The skew sock is an innovative bit of sockitecture (yes, sockitecture, I have been assured by my wife that this is a perfectly legitimate piece of technical vocabulary frequently used by knitters) invented here in Terre Haute by a friend of mine, Lana Holden, a few years ago. I was around when it was being beta-tested. Then it was published by Knitty magazine in their winter 2009 issue. The local kniterati (you know like literati) held a party at the time and she was honored at River Wools, Terre Haute's LYS (Local Yarn Store). It's a bit hard to gauge the popularity of knitting patterns (gauge, eesh didn't even try for that one). It's not like they have Nielsen's ratings or box office numbers to go by, but it is clear from Knitty's own downloads and from the projects on Ravelry (a popular knitting social networking site) that Lana's pattern has already gotten widespread, international popularity. I'm informed that Ravelry currently rates the skew sock as the 6th most popular sock pattern.
|Here is one of over a thousand skew socks publicly displayed on Ravelry, a German knitter knit a set in the German national colors for her father, after her father had seen and lusted after the set she made for her brother.|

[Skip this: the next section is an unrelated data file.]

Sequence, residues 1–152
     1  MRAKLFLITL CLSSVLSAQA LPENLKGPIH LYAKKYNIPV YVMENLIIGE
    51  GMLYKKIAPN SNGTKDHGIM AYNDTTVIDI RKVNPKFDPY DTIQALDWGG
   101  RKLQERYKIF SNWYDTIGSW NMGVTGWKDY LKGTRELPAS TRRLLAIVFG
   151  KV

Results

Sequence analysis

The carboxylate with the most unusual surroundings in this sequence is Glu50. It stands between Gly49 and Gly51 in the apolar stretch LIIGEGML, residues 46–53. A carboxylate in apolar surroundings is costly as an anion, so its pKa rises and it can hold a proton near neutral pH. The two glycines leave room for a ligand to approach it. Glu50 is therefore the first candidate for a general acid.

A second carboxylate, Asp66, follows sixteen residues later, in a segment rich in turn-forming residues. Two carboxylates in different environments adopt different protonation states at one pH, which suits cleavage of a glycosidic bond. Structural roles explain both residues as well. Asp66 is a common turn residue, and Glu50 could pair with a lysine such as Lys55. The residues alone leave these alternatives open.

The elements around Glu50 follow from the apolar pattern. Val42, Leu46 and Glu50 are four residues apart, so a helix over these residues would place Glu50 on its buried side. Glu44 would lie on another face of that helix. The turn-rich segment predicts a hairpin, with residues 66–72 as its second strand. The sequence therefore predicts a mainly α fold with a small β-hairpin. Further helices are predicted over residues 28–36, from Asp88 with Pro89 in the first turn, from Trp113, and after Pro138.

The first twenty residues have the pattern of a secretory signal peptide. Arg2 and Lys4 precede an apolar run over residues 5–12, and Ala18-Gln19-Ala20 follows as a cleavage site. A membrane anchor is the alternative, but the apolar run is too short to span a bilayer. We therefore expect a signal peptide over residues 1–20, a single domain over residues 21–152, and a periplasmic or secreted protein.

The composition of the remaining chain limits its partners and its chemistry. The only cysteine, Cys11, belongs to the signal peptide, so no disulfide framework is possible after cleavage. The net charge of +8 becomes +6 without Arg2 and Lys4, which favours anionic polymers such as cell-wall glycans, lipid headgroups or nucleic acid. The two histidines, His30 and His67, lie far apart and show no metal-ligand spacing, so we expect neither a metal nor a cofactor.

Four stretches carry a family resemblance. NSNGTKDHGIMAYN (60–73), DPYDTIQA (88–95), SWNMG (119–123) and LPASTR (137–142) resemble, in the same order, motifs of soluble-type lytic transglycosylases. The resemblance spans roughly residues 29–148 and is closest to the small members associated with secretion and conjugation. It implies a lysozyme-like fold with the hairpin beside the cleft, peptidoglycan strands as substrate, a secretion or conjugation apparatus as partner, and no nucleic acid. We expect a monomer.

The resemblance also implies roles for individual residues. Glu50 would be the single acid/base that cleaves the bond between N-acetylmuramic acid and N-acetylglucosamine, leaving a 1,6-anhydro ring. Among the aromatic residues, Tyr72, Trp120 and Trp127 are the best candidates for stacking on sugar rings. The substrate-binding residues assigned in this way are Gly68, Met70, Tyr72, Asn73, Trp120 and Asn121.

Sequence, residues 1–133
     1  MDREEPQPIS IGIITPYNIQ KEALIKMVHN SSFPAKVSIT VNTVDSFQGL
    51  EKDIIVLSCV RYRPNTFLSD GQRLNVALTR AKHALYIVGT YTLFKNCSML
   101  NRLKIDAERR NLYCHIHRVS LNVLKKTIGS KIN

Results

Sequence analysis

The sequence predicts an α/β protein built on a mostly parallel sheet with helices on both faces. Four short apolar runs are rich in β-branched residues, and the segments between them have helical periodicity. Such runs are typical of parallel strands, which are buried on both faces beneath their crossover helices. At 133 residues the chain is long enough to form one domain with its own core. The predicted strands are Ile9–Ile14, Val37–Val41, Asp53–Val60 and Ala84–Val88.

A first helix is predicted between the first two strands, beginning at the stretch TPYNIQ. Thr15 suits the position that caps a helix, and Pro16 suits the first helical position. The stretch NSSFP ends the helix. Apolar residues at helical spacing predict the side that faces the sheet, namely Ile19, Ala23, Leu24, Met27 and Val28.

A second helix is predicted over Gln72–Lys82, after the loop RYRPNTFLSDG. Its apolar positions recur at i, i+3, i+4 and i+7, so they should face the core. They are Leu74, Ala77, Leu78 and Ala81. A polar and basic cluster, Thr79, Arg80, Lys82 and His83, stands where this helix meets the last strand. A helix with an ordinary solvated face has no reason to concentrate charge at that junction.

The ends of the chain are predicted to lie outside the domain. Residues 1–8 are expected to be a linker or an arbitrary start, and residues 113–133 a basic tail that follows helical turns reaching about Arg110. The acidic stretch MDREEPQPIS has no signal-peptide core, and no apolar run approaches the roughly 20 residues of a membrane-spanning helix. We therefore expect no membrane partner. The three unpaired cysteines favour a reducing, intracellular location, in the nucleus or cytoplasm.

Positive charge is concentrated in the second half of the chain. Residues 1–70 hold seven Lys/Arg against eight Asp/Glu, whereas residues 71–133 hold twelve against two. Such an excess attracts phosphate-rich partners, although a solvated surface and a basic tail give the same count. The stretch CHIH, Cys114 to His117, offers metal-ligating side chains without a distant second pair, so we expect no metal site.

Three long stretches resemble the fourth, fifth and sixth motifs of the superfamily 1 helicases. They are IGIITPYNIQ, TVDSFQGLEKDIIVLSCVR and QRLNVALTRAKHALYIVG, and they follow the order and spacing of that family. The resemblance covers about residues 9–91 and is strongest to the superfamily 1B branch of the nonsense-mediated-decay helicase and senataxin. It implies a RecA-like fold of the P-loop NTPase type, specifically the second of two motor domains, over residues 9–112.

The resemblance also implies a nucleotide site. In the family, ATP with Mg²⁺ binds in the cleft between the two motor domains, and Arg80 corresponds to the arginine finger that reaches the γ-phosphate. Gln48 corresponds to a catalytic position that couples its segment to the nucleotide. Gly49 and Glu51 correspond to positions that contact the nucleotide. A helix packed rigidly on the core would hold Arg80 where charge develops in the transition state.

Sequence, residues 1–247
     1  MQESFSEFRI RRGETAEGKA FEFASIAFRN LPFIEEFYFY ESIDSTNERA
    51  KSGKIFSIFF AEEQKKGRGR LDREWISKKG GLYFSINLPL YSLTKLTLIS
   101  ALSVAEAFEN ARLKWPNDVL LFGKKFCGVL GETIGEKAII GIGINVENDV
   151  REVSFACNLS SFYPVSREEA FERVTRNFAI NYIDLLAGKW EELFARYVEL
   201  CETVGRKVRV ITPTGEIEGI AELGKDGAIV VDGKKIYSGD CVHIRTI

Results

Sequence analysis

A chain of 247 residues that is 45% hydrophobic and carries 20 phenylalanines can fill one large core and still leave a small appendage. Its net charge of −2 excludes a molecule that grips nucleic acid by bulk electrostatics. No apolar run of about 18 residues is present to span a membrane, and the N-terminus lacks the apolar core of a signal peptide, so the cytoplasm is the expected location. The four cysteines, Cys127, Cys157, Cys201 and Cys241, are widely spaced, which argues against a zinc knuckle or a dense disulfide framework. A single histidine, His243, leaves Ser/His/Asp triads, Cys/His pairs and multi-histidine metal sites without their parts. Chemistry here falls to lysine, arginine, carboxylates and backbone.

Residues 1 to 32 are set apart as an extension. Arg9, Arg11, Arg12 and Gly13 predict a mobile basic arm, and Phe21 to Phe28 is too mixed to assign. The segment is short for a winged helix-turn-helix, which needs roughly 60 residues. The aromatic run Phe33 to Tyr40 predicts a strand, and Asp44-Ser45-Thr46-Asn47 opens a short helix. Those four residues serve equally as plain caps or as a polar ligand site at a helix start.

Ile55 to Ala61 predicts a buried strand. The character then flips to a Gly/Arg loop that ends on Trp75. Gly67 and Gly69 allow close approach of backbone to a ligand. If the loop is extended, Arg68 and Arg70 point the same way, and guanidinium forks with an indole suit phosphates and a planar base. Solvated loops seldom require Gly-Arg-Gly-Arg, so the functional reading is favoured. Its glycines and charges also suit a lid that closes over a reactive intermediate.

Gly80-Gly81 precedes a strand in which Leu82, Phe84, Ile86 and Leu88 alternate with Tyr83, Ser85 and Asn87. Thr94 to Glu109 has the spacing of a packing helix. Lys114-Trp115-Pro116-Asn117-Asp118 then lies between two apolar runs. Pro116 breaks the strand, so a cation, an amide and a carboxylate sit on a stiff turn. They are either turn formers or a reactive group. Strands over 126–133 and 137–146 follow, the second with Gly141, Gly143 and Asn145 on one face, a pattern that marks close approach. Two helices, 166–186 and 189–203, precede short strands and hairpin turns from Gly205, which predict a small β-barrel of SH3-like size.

The skew sock is, by all accounts, a totally bizarre pattern. Everything is done on a diagonal to how you think it ought to be. It makes no sense, to common sense, that it works at all, but the math came out nice, and indeed if you make one it does in fact work. In fact, by the reports I've heard, the heel is a lot more natural than in most sock patterns. The finished product usually looks pretty bizarre too, artsy, intentionally heterodox, full of odd diagonals. The pattern is not really for beginners; it is rated "piquant" by Knitty, meaning more or less, challenging but not arduous. And everything about it screams, math.
The skew sock is not a pattern one would come up with using knitting alone. Lana describes herself in the author section of the pattern by saying "the designer has two math degrees and is a contributing author of the book Making Mathematics with Needlework, but dropped out of grad school twice because she prefers to do research with yarn. She is a technique junkie, a process knitter, and occasionally a machine for turning coffee into socks." (This last is a riff on the great 20th century mathematician Paul Erdos who famously defined a mathematician as a device for transforming coffee into theorems). Several of the pictures of the sock on the official pattern site even feature math texts prominently.
I just love that art, math, coziness, and community can come together like this. Here is an intellectual achievement that finds practical and artistic expression, and a global community of knitters so, er, uhm, tightly-knit, that a cool innovation in Terre Haute can make loved one's feet more stylishly comfortable in Germany a few months later. It is an age of wonders we live in and never doubt it, and Terre Haute too plays our little part. The Skew sock is
Just one more reason I'm proud of Terre Haute.